After the initial excitement of meeting someone dissipates, it is often followed by the well-meaning intention of “let’s stay in touch”, but most often, neither party does, and the possibility of a relationship fades.
Meeting someone is just the kickoff. What matters comes next: putting in the time and attention to allow that seed of a relationship to grow. But how do you do that while also avoiding being a pest or stressing yourself out with more to-do’s?
Let’s first agree on some basic principles of creating a framework for successful and enjoyable relationship nurturing. Please repeat after me: “I solemnly swear to build meaningful and genuine relationships that are reflective of who I am authentically. I won’t force it, nor be someone who I am not. I won’t seek gain for myself, but rather, view each person as an opportunity to challenge my curiosities, learn, find commonalities, and add value to his/her journey in some way. I can do this because I know that givers find more success and fulfillment in the long run than those who seek a tit-for-tat dynamic, or those who are out just for themselves.
Okay, now we’re ready!
I’ve compiled a list of my favorite tips, tricks, and tools that have helped me to become a master connector, and more so, to enjoy deeply the hybrid art and science of nurturing relationships. As with anything, you want to find a style and rhythm that feels right for you, and that caters to each individual relationship.
Maximize those interim moments
In your free minutes between meetings, calls, or while commuting, send a quick call, text, or email to someone with whom you’ve not spoken in a while. It can be to simply say hello and to let them know they were on your mind.
Make “reconnect” files in your calendar
If you don’t have a system like a CRM that tracks relationships for you, a free and easy hack is to create a color-coded folder that recurs on a monthly basis in your online calendar. I call mine “reconnect” and put up to ten names inside of it (perhaps with a small note about who they are and their email, or you can leave that in their contact file in your address book). When it pops up once a month, scroll through to see if any names leap out as someone to whom you feel inclined to reach out. If it’s someone whose name you want to see more readily each month, make her her own recurring file in your calendar for monthly rotation that is in the same color code.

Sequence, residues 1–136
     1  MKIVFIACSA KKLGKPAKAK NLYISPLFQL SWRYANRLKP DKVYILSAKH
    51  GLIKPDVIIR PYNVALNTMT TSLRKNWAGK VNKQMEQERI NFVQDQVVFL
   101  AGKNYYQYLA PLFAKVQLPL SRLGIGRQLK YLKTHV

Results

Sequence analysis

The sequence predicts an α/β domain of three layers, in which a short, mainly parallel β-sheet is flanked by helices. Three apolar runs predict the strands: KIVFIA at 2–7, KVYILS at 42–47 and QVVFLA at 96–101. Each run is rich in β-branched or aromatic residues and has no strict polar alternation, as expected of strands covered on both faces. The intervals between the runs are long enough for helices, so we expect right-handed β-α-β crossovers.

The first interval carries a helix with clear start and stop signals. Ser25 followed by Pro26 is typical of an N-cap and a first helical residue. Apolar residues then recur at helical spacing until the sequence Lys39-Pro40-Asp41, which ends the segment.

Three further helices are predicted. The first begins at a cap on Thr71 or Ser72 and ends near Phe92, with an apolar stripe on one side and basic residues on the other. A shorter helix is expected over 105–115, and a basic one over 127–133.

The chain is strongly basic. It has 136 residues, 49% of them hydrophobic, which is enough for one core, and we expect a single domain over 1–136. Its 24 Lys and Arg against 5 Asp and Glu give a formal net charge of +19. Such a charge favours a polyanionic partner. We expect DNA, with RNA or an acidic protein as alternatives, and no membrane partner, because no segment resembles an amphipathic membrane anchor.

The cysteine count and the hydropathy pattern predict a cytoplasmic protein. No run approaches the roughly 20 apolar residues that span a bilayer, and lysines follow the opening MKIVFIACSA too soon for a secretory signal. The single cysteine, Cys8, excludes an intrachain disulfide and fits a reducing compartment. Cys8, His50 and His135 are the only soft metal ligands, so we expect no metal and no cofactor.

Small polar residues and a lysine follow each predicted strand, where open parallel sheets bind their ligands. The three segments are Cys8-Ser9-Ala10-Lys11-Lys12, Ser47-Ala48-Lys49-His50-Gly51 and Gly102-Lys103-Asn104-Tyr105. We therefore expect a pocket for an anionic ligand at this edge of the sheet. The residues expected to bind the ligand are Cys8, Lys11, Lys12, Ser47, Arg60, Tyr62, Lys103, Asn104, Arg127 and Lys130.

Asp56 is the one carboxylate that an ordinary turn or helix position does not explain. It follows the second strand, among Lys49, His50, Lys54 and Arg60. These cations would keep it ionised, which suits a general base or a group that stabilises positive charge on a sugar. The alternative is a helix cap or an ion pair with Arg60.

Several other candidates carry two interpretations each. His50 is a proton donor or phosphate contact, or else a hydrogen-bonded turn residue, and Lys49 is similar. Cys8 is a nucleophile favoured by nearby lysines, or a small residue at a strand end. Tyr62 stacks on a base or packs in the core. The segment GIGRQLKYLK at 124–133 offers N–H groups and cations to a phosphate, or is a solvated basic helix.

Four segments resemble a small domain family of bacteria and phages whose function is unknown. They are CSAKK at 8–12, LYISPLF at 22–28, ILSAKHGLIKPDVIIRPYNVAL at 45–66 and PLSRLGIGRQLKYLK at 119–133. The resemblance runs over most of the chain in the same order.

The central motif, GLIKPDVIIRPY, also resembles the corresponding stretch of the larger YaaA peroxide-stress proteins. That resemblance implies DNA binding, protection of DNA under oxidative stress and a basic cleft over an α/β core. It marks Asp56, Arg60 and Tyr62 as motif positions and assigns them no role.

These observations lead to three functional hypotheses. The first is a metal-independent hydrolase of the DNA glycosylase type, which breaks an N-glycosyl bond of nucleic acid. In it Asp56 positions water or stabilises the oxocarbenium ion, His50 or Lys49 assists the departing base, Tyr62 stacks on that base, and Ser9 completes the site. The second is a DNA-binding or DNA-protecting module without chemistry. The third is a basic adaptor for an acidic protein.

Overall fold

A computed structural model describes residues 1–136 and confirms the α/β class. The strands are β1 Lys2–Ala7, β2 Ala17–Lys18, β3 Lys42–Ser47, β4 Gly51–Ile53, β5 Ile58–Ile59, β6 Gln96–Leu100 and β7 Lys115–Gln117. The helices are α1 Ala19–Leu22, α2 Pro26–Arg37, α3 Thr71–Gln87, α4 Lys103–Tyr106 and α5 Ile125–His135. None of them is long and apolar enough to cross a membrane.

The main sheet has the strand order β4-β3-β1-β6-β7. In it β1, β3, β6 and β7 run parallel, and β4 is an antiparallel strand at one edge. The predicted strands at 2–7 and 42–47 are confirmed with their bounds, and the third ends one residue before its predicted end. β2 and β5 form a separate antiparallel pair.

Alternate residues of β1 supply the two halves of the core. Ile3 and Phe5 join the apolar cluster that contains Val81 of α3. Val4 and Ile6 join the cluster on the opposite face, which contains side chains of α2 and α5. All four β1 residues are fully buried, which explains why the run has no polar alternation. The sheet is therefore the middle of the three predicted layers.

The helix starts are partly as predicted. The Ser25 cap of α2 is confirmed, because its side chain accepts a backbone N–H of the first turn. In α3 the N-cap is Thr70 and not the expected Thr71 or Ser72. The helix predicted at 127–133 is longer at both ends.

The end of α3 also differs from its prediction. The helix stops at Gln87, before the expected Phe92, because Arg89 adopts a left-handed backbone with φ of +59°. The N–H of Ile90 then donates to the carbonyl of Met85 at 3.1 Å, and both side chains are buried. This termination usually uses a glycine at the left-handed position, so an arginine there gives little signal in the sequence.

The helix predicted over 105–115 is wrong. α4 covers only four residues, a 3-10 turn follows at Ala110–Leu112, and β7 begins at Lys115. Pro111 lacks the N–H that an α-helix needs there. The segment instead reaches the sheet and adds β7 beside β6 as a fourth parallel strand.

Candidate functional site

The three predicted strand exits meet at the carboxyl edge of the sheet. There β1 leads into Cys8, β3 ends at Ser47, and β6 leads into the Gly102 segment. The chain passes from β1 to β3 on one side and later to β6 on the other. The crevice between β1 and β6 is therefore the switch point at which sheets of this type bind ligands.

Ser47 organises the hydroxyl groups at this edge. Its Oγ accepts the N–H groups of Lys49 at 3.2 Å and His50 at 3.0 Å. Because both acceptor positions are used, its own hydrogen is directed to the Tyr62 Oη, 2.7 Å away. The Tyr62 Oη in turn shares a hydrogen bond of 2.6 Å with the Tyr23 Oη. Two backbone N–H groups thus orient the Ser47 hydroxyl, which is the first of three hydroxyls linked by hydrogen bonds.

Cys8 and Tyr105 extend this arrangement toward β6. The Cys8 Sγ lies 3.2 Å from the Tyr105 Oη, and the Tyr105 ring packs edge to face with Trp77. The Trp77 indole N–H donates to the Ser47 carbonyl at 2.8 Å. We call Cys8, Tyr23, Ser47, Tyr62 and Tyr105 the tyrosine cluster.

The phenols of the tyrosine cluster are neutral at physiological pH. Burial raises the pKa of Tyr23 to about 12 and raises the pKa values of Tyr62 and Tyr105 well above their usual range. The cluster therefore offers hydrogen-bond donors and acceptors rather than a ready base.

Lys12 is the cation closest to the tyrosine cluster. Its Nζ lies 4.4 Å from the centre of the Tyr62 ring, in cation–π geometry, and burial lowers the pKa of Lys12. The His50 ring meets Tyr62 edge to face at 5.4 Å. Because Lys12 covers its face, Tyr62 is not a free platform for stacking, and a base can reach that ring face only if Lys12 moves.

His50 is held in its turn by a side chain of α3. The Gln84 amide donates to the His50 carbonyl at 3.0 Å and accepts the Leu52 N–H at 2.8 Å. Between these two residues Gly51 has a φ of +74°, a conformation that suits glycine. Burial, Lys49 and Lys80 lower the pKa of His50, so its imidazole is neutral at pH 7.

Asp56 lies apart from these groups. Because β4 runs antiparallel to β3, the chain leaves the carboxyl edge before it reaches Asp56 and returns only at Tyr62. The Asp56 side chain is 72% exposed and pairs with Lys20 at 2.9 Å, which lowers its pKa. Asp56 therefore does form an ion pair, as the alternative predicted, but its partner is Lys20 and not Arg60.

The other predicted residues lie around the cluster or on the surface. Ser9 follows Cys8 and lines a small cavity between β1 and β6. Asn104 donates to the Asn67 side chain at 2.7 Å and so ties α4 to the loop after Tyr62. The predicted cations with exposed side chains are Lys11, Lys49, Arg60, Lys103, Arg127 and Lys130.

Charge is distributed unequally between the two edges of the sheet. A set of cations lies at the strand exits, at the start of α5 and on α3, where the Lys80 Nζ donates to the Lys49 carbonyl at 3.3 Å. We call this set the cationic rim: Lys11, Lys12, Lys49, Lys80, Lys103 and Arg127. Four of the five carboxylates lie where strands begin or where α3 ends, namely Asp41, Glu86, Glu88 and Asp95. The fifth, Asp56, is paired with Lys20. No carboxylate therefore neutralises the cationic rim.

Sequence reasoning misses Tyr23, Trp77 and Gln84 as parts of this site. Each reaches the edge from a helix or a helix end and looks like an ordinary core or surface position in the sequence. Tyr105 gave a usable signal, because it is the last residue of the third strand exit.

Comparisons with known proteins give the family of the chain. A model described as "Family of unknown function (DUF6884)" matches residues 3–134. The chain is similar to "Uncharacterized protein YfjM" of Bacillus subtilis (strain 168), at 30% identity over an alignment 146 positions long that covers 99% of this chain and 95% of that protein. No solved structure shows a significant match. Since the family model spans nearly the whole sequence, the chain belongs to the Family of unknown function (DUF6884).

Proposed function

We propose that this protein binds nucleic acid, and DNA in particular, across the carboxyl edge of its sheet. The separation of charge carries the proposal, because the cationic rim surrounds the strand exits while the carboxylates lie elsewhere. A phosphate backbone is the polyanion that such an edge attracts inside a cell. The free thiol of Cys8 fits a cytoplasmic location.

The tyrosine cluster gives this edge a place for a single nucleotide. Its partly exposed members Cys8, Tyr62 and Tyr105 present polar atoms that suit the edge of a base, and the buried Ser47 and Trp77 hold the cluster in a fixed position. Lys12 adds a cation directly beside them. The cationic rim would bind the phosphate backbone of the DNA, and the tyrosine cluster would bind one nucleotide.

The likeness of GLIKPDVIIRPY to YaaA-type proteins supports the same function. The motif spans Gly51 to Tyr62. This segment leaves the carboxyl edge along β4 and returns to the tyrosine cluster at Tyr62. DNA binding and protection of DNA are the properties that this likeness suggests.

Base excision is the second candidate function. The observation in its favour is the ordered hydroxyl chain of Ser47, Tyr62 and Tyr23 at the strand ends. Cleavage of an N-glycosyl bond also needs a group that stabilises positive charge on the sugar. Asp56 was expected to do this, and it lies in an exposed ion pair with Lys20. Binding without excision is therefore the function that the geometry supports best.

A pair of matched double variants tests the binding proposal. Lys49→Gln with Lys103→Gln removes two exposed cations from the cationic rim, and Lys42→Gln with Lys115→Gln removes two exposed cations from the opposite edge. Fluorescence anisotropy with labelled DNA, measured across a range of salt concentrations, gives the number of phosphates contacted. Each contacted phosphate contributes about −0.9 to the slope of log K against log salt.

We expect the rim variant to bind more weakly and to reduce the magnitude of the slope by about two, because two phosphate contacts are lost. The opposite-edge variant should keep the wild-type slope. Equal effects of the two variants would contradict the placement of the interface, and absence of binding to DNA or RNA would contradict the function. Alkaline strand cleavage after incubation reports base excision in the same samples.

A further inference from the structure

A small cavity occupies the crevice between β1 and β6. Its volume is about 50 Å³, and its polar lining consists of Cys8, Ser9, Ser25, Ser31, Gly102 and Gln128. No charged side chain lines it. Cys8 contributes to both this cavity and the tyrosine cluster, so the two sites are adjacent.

Reach out on birthdays and milestones
It has never been easier to remember the important moments in the lives of others than with the tools we have at our disposal today. By connecting with contacts on Facebook and LinkedIn, you can know daily whose birthday it is and send them best wishes. I also put birthdays in my calendar on an annual rotation and reach out by email, text, or call. If you’re looking for bonus points, use a service like Bond or Send Out Cards to send a handwritten note effortlessly.
Since birthdays are just once a year, also reach out for the big moments like a new job or promotion, a first round of funding or company exit, the birth of a child, or anniversary. This also includes the challenging and hard times that are bound to come; don’t be silent in those moments, but send a thoughtful message.